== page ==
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When the Land Speaks {Week 15 CSA}

Despite the balmy weather passing by, it feels as though we're in the midst of a storm. Dizzying amounts of information and perspectives meet tumultuous news reports by the hour. Out here, we find ourselves turning off our devices and digging deeper into the dirt for reprieve—and answers.

Fortunately, nature is quick to remind us of her wisdom. Lingering with her roots long enough reveals their unfathomable depth and the networks operating endlessly around and within us. Our smallness in this infinite matrix is a relief when the problems we collectively face feel complex and unyielding. While acknowledging the tasks at hand, we find calmness in nature's expansive timeline, remembering that the soil is both what nourishes us all now and what recycles us all later. Perspective is an effective balm, and it turns out farming offers a lot of it.

As sprawling interdependent systems become strained, the resilience of local infrastructure is revealed. Be it from record-breaking winters or pandemic-based disruptions, the past few years have shown us multiple food shortages in local supermarkets and unprecedented delays on international distribution networks. It begs the question of whether the convenience and accessibility of a globalized food system outweigh the inherently complex, extractive, and often inhumane impact it has.

The benefit of these disruptions reaching the surface (as sporadically empty shelves and redundant news headlines) is that the once "abstract and catastrophist discussion about food security" quickly becomes more pertinent in the collective consciousness. Our small farm and year-round farmers market saw a huge surge of interest from locals. People who we'd never seen at the farmers market suddenly wanted to know all about where they could connect with farmers, ranchers, bakers and beyond. Local veggies, meats, eggs, baked goods, and even hand-crafted items gained a new audience—one they'd been seeking for years.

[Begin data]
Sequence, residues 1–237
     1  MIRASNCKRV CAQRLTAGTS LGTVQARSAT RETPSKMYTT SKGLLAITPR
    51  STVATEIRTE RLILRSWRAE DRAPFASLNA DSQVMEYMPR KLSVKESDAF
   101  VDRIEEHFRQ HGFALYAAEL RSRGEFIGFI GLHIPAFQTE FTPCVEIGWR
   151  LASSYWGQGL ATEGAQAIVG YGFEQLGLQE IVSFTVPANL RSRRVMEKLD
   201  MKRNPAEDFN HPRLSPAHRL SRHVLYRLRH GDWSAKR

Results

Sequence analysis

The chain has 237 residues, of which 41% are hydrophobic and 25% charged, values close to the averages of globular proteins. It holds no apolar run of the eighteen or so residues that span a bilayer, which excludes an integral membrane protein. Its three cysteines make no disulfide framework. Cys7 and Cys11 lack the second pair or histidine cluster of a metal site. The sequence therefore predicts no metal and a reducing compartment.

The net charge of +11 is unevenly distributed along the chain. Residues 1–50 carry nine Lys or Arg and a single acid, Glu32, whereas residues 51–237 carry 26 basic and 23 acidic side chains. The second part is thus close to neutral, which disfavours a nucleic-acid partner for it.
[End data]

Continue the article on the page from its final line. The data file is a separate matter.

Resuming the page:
Supporting local not only benefits individuals in our community but also helps to reestablish regional independence. Gone are the days when every community had tradesmen/women for any sort of local need. After all, who needs a shoemaker (with her tailor-made prices) when China makes the same kicks for one-tenth the price? Beyond the lack of traceability (of all those hidden costs, or "externalities") of far-away businesses is a more obvious issue: what happens when those trade pathways close? What happens when the I-80 closes? Or there's a huge crop failure across a swath of California? These are questions localists have been positing for years, but only recently do they seem more pressing than abstract.

Enter: local artisans. The greater Reno-Tahoe-Truckee community has a wonderful affection for its local makers, bakers, and farmers. It's a diehard group of people (including you) who seek local goods first and it's recently enjoyed a big enrollment.

Appreciating locally grown, raised, or made products takes some experience. The improved flavors of fresh, small-batch sourdough might seem subtle to those used to mass-produced versions. Small farm organic produce often looks nothing like what shows up at Costco with the same organic label. But we believe that reaching across those expectations with transparency about the intentions, integrity, and people behind each business is what fortifies our local economy.

It's the connections made behind the carrots, eggs, bread, and handmade leather belt that create the fabric of our market community. And we can't help but wonder if we're subtly weaving a security blanket worth reaching for if/when our vulnerable supply chains stumble again.

The moment when the land's beauty is on full display. The flower field is where we move more slowly and are delighted by sleeping bumblebees.


Inside Your Box This Week

Cherry Tomatoes

Swiss Chard

Red Onions



Aji Ricos





Recipes Worth Trying...

{click images to go to recipe}


For supporting our small organic farm.

For helping pave a way forward for regenerative agriculture.

For investing in young farmers.

For buying local.

We're honored to nourish you!



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